When I learnt these things, I wondered why it wasn’t more widely known and I wanted to tell everyone I knew about it. Surely everyone would want to know? Turns out people don’t want to know. They really strongly don’t want to know. There are some that do. So I tell them. I chip away at my family and feed them small bits of information about how eating meat and dairy affects health and slowly but surely it starts to make an impact.

Because I care about you

I won’t be a quiet vegan because I care about people. I don’t want to watch them suffer from cancer, diabetes, heart attacks, strokes and any other preventable diseases. I don’t want to see my mum and dad succumb to illness and suffering when I could have opened my mouth to warn them and stopped it from happening. So the next time I attempt to “ram my vegan agenda down your throat”, take it as a compliment, it means I care about you.

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Because I care about our world

I won’t go into detail about this one as I covered it quite extensively in my last post (read about it HERE). We need to do everything we can to prevent global warming to continue on its current path. We’ve literally been told to reduce our meat consumption or the world as we know it will end by mid-century, so yeah, for the sake of my children, I want the world to at least reduce meat consumption, and I’ll shout it from the rooftops if I have to. So many people have thanked me for alerting them to how their food choices are impacting the environment and they’ve made a few changes to their diet. The more the movement spreads, the more chance we have of saving the planet.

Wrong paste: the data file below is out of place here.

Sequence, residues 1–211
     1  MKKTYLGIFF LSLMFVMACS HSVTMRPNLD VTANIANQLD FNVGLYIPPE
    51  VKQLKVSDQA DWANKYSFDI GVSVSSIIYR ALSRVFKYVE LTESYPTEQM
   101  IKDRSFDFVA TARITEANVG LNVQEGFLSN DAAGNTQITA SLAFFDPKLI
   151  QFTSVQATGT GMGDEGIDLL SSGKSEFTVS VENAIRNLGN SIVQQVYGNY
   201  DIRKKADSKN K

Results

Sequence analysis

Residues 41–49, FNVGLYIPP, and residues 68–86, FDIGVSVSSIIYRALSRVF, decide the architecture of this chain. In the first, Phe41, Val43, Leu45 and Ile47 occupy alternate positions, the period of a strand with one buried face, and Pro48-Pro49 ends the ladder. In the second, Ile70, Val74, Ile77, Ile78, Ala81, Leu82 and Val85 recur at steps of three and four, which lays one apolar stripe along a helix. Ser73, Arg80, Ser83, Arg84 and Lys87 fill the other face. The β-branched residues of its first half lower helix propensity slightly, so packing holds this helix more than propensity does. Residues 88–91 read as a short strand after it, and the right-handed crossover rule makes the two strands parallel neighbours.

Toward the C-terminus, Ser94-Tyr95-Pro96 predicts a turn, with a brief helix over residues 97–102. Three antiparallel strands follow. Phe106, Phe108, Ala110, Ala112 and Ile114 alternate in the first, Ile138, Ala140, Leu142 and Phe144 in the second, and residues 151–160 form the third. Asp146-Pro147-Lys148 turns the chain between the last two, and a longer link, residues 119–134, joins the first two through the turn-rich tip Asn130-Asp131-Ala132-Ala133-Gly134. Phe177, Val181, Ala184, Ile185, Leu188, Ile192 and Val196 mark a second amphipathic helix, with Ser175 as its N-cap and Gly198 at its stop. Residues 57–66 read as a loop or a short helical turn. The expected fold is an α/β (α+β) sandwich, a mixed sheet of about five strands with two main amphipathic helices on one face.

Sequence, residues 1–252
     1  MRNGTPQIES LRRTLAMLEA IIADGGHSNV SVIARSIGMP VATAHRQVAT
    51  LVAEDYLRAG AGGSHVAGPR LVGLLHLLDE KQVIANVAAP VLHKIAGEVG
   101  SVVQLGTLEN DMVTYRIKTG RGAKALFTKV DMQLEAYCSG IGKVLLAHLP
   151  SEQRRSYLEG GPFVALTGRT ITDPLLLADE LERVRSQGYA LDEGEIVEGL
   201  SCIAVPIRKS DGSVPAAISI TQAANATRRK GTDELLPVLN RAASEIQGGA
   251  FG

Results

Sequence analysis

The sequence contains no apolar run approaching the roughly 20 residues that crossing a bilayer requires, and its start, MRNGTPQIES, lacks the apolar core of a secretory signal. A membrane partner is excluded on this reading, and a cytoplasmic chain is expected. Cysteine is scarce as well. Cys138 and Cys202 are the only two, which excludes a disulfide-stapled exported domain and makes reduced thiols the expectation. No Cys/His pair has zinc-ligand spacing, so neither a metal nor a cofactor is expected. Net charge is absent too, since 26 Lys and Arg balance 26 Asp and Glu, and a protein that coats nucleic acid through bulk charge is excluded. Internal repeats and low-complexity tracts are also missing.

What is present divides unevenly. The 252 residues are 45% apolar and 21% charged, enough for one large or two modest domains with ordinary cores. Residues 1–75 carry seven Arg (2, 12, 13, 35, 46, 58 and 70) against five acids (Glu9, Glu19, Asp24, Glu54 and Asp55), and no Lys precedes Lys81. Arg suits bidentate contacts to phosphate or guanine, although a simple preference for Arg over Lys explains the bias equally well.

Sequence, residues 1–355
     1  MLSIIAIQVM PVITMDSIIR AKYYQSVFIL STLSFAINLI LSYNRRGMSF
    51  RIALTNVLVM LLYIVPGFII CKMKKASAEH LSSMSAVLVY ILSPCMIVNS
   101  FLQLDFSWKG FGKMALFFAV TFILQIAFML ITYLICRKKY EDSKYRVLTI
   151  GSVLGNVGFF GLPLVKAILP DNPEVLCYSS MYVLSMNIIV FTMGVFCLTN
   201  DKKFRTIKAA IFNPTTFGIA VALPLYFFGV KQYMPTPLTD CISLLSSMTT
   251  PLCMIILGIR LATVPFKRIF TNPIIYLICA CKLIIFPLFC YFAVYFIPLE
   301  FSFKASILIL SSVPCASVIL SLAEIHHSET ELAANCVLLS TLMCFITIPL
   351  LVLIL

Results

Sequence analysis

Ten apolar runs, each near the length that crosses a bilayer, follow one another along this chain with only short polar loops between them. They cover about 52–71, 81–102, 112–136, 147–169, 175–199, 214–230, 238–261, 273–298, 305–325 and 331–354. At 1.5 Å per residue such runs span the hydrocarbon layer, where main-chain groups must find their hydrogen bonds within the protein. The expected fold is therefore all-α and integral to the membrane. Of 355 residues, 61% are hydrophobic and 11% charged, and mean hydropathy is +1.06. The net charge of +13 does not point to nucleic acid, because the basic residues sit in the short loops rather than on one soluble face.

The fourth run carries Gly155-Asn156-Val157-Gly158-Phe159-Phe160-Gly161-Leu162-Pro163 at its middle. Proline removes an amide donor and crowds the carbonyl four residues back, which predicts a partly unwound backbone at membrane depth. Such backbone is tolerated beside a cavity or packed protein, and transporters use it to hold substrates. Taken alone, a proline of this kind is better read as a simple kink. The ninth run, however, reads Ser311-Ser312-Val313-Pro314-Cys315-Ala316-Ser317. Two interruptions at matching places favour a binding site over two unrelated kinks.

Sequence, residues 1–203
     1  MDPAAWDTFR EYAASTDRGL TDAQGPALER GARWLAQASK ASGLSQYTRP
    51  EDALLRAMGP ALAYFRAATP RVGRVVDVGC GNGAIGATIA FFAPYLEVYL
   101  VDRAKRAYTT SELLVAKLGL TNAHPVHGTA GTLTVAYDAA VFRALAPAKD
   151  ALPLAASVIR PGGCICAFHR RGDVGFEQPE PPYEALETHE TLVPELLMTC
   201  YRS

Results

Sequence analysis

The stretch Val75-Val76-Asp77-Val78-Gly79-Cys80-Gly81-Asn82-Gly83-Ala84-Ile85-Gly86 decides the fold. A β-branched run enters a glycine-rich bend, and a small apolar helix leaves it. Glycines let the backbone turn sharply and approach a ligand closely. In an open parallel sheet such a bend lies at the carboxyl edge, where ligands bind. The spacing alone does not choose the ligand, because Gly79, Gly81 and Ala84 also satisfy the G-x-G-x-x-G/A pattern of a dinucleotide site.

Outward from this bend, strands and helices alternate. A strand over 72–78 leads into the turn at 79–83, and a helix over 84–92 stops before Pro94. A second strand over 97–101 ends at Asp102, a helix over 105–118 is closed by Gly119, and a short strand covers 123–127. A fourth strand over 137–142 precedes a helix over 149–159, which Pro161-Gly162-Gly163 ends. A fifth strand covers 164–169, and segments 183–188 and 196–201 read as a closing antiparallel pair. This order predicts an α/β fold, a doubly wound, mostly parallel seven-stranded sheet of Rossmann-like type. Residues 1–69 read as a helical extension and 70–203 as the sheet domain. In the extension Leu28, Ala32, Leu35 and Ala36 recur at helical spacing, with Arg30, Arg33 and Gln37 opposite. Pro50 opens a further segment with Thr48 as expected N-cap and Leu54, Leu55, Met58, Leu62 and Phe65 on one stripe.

Because people don’t want to be in the dark

Until last year, I was blissfully unaware of exactly what went on in the meat and dairy industries. I was shocked to find out for example that the dairy industry was worse than the meat industry in terms of cruelty to animals. I naively thought that milk was fine “because nothing dies”. But then I found out that the cow is still slaughtered for meat at the end but endures a lifetime of torture before then; being forcibly impregnated every year to maintain high milk yields and having her babies stolen from her; being hooked up to machines that milk the life from her until she collapses aged around 6 years when she will be killed for hamburger meat rather than living until her natural lifespan of around 20 years. The boy babies from the milk industry are a ‘waste product’ and so become veal, whereas the girl babies will endure the same terrible fate as their mothers. We don’t know this stuff because it’s hidden from us.